Slow growth, infra spending in India to keep states' deficit high: Moody's

Topics Moody's

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Rating agency Moody’s said on Wednesday that slowing growth and continued infrastructure spending needs would keep deficits at state-level elevated, further challenging India's fiscal consolidation efforts.

The government is facing growing challenges in meeting its medium-term fiscal consolidation goals amid a slowing economy, which has been driven by a combination of both cyclical and structural factors.

Indian sates, which do not generate sufficient own-source revenue for their spending needs and remain dependent on central government grants, have recorded larger deficits in recent years. The implementation of the goods and services tax (GST) further reduced states’ share of own-source revenues, the rating agency said in a statement.

Moody’s on Wednesday released report “Regional & Local Governments - India: Indian states face challenges in reducing deficits, constraining government fiscal consolidation”.

Early this month, Moody’s cut India’s credit ratings outlook to negative on concerns that the economic slowdown would be prolonged and debt would rise. The foreign currency rating was retained at Baa2, the second-lowest investment grade score.

Moody’s projected a budget deficit of 3.7 per cent of gross domestic product (GDP) for the year ending March 2020, a breach of the government’s target of 3.3%. This is an expected outcome of slower growth and a surprise corporate-tax cut.

The state governments remain reliant on central government transfers and the GST has reduced flexibility in their revenue sources. The introduction of the GST replaced many indirect taxes previously levied by the states, reducing the share of own-source revenue in their total revenue. As a result, states now rely on the central government, or the GST Council, for a majority of their revenue, with variations across states.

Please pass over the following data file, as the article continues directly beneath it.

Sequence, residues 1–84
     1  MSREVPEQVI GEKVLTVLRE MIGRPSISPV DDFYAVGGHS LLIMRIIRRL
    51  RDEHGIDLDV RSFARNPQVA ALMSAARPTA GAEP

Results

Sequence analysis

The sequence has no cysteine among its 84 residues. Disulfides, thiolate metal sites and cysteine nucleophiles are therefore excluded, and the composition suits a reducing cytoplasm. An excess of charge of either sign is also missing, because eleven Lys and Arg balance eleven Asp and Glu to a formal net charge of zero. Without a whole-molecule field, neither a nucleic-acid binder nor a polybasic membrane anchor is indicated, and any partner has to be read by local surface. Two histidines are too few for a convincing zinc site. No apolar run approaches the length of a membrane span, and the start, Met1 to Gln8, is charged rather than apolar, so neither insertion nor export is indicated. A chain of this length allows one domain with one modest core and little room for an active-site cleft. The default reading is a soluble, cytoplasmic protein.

The GST revenue has been below expectations since its launch, though the central government has agreed to compensate states for any revenue shortfalls due to the GST for five years.

Moody’s said slowing revenue growth and high infrastructure needs would constrain states’ finances. Persistent spending pressures and slower economic growth would result in continued fiscal deficits, it added.

For fiscal 2020, the central government deficit is expected to be about 3.7% of gross domestic product (GDP), slightly wider than the 3.4% posted in fiscal 2019. The fiscal deficit for states would be around 3% for states, taking combined deficit of central and state governments to about 6.7 per cent.

"Recurring state deficits will lead to greater debt accumulation. We expect Indian states’ debt burden to increase to fund significant infrastructure needs. States' gross borrowing needs are budgeted at Rs 7.5 trillion ($104 billion or 3.4% of national GDP) for fiscal 2020, a 28% increase over fiscal 2019 levels," said Moody's.

"State-level deficits will in turn continue to challenge fiscal consolidation at the general government level. States’ revenue outlook remains sensitive to growth in central government transfers and nominal GDP, with variations across states," Moody’s added.

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